FDA Closer to Defining “Gluten-Free”

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WholeFoods Magazine Staff
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Rockville, MD—The U.S. Food and Drug Administration (FDA) has taken news steps to create a standard definition for the term “gluten-free,” according to a new consumer update. FDA feels such a definition is needed to “eliminate uncertainty about how food producers may label their products” and to make sure gluten-free food labeling meet the same standards.

On August 2, the agency reopened the public comment period for the proposed gluten-free labeling rule made public in January 2007. In this rule, FDA defines “gluten-free” as foods that don’t contain any wheat, rye or barley; any crossbreeds of these grains; or any of these grains that have not had the gluten removed. Products also cannot contain more than 20 ppm of gluten. Comments about this rule are due at the beginning of October.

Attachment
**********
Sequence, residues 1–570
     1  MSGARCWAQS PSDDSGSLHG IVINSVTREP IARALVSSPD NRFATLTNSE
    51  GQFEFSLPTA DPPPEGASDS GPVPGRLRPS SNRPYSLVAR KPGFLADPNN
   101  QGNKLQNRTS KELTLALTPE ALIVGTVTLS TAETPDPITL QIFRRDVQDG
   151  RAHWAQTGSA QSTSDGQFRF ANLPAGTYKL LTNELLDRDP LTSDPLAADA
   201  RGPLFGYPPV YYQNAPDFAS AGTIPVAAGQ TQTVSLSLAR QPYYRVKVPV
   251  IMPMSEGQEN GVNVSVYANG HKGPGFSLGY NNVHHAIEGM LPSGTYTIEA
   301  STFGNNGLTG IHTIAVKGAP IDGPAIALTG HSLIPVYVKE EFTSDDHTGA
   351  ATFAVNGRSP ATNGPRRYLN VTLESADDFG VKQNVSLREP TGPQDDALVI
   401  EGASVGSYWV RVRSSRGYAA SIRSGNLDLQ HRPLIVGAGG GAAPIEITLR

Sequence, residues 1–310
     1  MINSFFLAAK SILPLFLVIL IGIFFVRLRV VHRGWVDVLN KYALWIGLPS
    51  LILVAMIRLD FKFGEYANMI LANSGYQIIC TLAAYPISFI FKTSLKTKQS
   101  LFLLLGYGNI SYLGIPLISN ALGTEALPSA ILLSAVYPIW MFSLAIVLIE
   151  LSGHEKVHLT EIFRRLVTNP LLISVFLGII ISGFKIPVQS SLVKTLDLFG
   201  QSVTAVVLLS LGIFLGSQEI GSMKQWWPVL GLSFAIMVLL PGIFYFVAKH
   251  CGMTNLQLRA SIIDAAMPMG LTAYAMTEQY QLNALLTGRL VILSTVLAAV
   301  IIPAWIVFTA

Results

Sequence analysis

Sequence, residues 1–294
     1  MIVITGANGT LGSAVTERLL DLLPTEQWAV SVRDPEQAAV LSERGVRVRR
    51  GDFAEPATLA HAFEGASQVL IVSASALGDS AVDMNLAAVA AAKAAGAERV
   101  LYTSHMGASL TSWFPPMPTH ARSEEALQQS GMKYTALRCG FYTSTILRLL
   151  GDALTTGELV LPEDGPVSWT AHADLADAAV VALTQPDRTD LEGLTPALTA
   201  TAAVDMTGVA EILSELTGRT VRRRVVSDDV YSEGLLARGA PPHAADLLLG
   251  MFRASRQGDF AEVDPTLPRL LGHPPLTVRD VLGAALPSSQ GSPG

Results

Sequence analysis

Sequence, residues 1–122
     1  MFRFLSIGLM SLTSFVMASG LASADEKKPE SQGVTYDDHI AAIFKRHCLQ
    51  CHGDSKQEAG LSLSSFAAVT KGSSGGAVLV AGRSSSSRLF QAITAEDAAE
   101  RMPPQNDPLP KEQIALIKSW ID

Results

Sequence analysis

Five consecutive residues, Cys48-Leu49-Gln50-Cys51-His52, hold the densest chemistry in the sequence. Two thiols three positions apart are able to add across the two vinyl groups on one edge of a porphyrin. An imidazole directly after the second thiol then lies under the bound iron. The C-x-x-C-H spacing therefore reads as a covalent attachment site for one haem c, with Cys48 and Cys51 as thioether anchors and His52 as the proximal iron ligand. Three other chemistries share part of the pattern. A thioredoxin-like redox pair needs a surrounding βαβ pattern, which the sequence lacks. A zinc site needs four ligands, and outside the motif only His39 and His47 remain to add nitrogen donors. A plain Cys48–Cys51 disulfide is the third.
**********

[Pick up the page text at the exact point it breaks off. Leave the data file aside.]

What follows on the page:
FDA also has issued a report about how gluten affects people with celiac disease and is seeking comments on this document as well.

Published in WholeFoods Magazine, September 2011 (online August 2, 2011)